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Video Game / Alien Trilogy

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Alien Trilogy is a 1996 First-Person Shooter for the PC, Playstation, and Sega Saturn, loosely based on the first three films in the Alien franchise. The game is highly reminiscent of Doom, and follows the adventures of Ellen Ripley (who seems to be a Colonial Marine rather than a civilian consultant) as she battles her way through the LV-426 colony while fighting the Aliens as well as insane infected colonists and evil Weyland-Yutani mercenaries. Overall the game follows a Broad Strokes version of the plot of Aliens while including weapons and enemies seen in Alien and AlienĀ³.

The game notably has fully 3D-rendered environments as well as items such as weapon or health pickups, although the actual weapon and enemy models are the typical Doom-style 2D sprites of the time period. It features 23 levels spread across 3 episodes, taking place in the LV-426 colony, a nearby prison facility (based on Fury-161 from Alien 3), and finally the crashed Engineer ship.

This game provides examples of:

  • Adaptational Wimp:
    • Facehuggers are very weak in this game, only doing 5 damage when they latch onto you and being easily shot off (which kills them), instead of instantly killing you like they do in the Aliens vs Predator games.
    • The Colonial Marines themselves are portrayed in this fashion, as they barely get inside Hadley's Hope before they are attacked and killed by the xenomorphs, leaving Ripley and Bishop (who had stayed behind in the APC) as the only survivors.
  • Adaptation Distillation: To say the game is a Broad Strokes version of Aliens is putting it mildly. Ripley is the player character for the entirety of the game, with no support from the Marines (they're all killed off in the opening cutscenes) and only Bishop as her backup. There is no Rebecca "Newt" Jorden, and the final third of the game doesn't involve Ripley trying to find and rescue her — instead, Ripley assaults the Derelict on her own to destroy the Queen once and for all. Also instead of the Atmospheric Processing Center's failure destroying a large section of land, it obliterates the entire planet.
  • Bonus Stage: The re-arm levels, which place Ripley in a small area devoid of enemies and task her to collect as much ammo and powerups as possible within a 60 or 30 seconds limit. If the player does not get a high-enough mission completion percentage in the previous mission, these are skipped.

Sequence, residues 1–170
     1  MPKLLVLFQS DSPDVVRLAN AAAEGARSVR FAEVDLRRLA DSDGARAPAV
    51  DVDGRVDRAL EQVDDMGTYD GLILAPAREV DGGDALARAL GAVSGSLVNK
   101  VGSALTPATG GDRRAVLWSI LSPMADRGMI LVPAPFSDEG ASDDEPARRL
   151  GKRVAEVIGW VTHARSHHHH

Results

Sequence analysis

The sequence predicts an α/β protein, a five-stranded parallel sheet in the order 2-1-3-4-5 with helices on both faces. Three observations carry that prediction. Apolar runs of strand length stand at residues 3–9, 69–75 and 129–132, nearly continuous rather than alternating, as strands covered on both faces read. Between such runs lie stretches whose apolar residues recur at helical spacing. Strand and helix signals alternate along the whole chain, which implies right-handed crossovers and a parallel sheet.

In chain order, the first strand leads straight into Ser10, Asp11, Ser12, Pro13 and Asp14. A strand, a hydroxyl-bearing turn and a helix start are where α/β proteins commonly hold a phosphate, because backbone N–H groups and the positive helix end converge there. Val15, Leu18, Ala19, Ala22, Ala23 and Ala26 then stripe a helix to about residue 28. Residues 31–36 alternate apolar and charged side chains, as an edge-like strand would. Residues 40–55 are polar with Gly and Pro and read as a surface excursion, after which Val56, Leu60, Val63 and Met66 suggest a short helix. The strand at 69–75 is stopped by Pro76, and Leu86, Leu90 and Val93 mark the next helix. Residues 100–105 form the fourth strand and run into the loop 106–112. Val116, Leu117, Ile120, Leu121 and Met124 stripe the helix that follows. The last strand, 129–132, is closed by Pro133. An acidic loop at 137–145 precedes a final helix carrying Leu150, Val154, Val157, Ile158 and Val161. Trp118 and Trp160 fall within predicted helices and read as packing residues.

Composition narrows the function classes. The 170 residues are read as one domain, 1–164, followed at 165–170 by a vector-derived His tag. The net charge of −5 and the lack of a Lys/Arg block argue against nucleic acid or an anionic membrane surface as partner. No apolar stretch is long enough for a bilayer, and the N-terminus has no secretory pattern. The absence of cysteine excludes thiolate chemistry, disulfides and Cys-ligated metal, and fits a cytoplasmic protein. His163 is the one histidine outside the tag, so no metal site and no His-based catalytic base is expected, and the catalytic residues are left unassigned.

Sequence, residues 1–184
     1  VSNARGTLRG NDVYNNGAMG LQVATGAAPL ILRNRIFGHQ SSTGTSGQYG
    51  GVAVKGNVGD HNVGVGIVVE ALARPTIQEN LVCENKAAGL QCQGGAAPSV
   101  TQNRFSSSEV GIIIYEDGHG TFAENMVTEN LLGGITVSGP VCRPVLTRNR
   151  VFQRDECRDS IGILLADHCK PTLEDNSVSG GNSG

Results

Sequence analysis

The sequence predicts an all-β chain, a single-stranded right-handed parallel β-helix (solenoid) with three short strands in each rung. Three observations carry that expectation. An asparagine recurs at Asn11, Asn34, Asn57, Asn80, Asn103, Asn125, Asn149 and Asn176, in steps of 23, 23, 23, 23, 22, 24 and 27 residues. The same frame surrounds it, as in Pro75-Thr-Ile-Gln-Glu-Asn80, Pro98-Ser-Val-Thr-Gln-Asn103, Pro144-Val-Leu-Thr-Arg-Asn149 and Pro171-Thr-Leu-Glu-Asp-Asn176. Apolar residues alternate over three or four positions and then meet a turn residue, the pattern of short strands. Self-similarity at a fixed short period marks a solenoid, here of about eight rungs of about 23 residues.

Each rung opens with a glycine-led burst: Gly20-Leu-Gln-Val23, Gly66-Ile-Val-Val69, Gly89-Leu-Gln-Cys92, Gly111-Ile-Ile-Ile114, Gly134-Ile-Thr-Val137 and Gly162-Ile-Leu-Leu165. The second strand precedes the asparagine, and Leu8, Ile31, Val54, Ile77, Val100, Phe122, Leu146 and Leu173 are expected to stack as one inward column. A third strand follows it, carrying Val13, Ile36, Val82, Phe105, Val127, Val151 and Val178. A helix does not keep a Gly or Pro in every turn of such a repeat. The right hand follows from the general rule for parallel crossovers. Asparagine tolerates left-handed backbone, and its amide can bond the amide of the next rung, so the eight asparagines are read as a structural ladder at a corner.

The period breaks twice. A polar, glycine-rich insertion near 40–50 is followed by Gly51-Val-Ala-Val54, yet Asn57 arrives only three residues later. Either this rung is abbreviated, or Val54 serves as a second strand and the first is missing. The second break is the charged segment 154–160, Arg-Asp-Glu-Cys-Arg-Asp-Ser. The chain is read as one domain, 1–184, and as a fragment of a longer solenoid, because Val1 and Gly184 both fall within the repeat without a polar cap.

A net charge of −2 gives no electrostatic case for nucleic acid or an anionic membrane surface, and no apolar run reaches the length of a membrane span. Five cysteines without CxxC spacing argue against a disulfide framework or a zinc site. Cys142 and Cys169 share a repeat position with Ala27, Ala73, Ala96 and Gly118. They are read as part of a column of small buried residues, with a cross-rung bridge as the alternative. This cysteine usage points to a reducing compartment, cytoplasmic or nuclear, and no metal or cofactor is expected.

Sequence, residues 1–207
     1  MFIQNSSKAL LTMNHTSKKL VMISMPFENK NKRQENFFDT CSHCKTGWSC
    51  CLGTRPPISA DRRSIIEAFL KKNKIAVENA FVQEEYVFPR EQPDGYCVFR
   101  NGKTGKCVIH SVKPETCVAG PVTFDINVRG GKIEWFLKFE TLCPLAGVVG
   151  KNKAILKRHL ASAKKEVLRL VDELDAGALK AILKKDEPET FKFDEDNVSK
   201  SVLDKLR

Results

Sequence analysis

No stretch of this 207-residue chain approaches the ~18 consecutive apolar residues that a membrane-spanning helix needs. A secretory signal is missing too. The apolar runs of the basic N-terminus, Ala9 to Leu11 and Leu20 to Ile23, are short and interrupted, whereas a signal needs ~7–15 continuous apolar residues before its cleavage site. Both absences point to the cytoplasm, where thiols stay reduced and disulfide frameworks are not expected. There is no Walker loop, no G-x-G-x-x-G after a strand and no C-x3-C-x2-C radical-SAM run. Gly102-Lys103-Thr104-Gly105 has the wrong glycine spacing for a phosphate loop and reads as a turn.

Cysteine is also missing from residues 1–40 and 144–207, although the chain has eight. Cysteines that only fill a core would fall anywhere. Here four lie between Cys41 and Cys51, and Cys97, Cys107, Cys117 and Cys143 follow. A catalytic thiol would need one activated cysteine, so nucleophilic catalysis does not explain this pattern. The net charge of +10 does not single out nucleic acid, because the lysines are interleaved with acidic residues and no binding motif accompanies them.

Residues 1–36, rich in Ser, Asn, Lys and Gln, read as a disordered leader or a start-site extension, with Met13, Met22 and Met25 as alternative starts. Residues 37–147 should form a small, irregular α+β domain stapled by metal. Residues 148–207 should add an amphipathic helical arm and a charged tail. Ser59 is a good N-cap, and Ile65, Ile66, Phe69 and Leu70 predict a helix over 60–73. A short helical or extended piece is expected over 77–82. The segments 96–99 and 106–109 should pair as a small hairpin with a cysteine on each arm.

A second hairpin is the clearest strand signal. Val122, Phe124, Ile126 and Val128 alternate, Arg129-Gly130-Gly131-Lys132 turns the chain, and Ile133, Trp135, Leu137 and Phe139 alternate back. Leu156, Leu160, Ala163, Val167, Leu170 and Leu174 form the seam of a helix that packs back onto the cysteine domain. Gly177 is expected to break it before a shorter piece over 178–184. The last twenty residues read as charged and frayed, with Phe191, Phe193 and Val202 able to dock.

• Elite Mooks:
    • The Weyland-Yutani troopers wearing Alien Handler/A.P.E. suits from Alien 3 that show up in the 2nd episode. They have about twice as much health as the regular Weyland-Yutani soldiers, and also use the underslung grenade launcher on their pulse rifles, making them particularly dangerous.
    • In episode 3, the regular Alien Warrior is replaced with a palette-swapped variant that is about 3 times as tough, requiring about a dozen shotgun blasts to bring down instead of just 4-5.
    • Level 15, the Lead Mould area, is populated by a Boss in Mook's Clothing variant of the Dog Alien that is the toughest enemy in the game besides the Alien Queen. They can take about two dozen shotgun blasts to kill, or almost 100 rounds from the pulse rifle. This is a bit bizarre since when you encounter this enemy on any other stage they actually take less to kill than a regular warrior.
  • Emergency Weapon: The 9mm pistol never runs out of ammo (if you run out of 9mm ammo you just have to reload it after every shot, which takes less than a fraction of a second) but is incredibly weak, requiring about 10-20 direct hits to kill anything larger than a facehugger.
  • Gang Up on the Human: The game's engine does not have monster in-fighting, so colonists, Aliens, and mercenaries will all ignore each other and gang up on the human player character.
  • Guide Dang It!: Most of the game's secrets can only be accessed by doing bizarre, often random and counter-intuitive things.
  • Heavily Armored Mook: The W-Y Combat Synths equipped with smartguns. They're very slow, but are very tough and can take a dozen shotgun blasts or a few dozen pulse rifle rounds to bring down.
  • Left Hanging: The game ends with Ripley going into stasis sleep, unaware that the Marine ship she's on is infested by Aliens.
  • The Many Deaths of You: The game feature many FMV sequences upon death, which vary depending on if Ripley was killed by a regular enemy, falling down a bottomless pit, etc.
  • Mercy Invincibility: You're invulnerable to damage for a split second whenever you take a hit, which prevents enemies with automatic weapons from just mowing you down. Unusually, this also applies to your enemies; they don't take damage during their pain animation, which means that when you're using the pulse rifle or smartgun you need to fire in bursts rather than go full auto, or else you'll just waste a lot of your bullets.
  • Nintendo Hard: While an individual fight may not be too hard, it's pretty easy to run out of ammo or health, especially if you miss a lot of the secrets. Learning the location of the secrets is almost essential to make it through the game. There's also the fact you can't save mid-level.
  • Recurring Boss: The Alien Queen is the game's boss enemy and is fought 3 times throughout the game, at the end of each Episode.
  • Shotguns Are Just Better: The shotgun is acquired on the first level and has a remarkably high rate of fire as well as dealing excellent damage, killing hostile humans in a couple shots and Alien warriors in 4-5 shots.